The Equation Editor isn’t just for simple algebra. It handles a range of advanced mathematical operations and even supports ink handwriting conversion for tablet users.

You can also use the Ink Equation functionality to open a pane and draw your equation in the designed area. With Ink Equations, you can write equations by hand, and PowerPoint will convert them into typed text. This is especially useful for those who find it quicker to jot down equations with a stylus or for adding a personal touch to presentations.

PowerPoint Equations Examples

Practical examples can be the best way to illustrate how to use PowerPoint’s Equation Editor effectively.

You can use the PowerPoint Equations Editor to prepare lectures, e.g. for Introduction to Equations PowerPoint presentations.

Let’s walk through how to input two fundamental mathematical expressions: the Binomial Theorem and the formula for the Area of a Circle.

Area of a Circle Equation Example

The formula for the area of a circle, which is A = πr², is straightforward but a good example of superscript formatting in PowerPoint.

Area of a Circle
Area of a Circle Equation Example

Binomial Theorem Equation Example

The Binomial Theorem is an essential formula in algebra that describes the algebraic expansion of powers of a binomial. According to the theorem, it can be expressed as:

Binomial Theorem Equation Example
Binomial Theorem Equation Example

In both cases, your equations will be neatly formatted in the PowerPoint slide, ready for presentation. Remember that these are static examples. If you link to an external data source like Excel, you can make your equations dynamic and data-driven, allowing them to update automatically with new values.

Square Root of 18

Square Root of 18

Best Practices using PowerPoint Equations Editor for your Presentation Slides

Presenting equations isn’t just about accuracy; it’s also about how they fit into your overall slide design. Keep equations large enough to be easily readable by your audience, and always preview your slides to check how they appear on different screens.

Example of Equation in PowerPoint
Example of Equation in PowerPoint

Avoid overusing animations with equations as they can distract from the content. Always remember to add alternative text to your equations to ensure accessibility for audience members who may be using screen readers. Also, consider adjusting the font size so the Equation can be seen by the audience from a far distance, especially when presenting lectures in Universities.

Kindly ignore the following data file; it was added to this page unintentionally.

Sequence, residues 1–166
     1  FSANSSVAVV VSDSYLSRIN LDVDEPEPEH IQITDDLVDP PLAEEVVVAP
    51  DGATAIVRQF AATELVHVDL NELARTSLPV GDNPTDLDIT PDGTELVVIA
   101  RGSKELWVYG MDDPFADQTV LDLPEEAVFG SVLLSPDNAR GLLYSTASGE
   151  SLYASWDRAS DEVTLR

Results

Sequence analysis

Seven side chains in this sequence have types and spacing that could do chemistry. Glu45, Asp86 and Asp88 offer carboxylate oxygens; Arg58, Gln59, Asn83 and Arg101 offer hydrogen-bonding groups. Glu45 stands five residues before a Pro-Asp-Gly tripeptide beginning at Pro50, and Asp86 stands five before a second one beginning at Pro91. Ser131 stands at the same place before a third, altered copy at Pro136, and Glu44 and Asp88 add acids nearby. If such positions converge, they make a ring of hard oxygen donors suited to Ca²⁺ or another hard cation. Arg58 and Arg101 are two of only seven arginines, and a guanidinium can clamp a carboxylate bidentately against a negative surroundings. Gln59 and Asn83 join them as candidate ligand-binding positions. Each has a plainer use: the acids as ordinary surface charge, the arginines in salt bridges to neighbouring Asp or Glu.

If you want to apply some special effects, you can do that as you do it with other conventional shapes or text. Something good about equations from Microsoft PowerPoint is that you can treat equations in the same way as you did with shapes. For example, in the following screenshot we show you how to apply Reflection style (this is just a sample.

How to apply special effects to equations
How to apply special effects to equations

PowerPoint Equation Editor vs. Other Equation Editors (Comparison)

For some, the choice of equation editor comes down to personal preference or specific requirements of their field.

LaTeX, for example, is a typesetting system that’s particularly popular in academia and offers great precision and a vast array of symbols.

MathType is another powerful tool that integrates with PowerPoint.

It’s important to weigh the pros and cons of each tool in relation to your needs, considering factors such as ease of use, compatibility, and the nature of your content.

Final thoughts

Mastering PowerPoint’s Equation Editor can dramatically improve the quality of your mathematical presentations and allows you to insert simple and complex equations or math expressions in your PowerPoint presentation slides. With practice, you can quickly input complex equations that look clean and professional, ensuring your audience can focus on the content rather than getting distracted by formatting inconsistencies or errors. Remember, the ultimate goal is to communicate effectively, and a well-presented equation can often be worth a thousand words.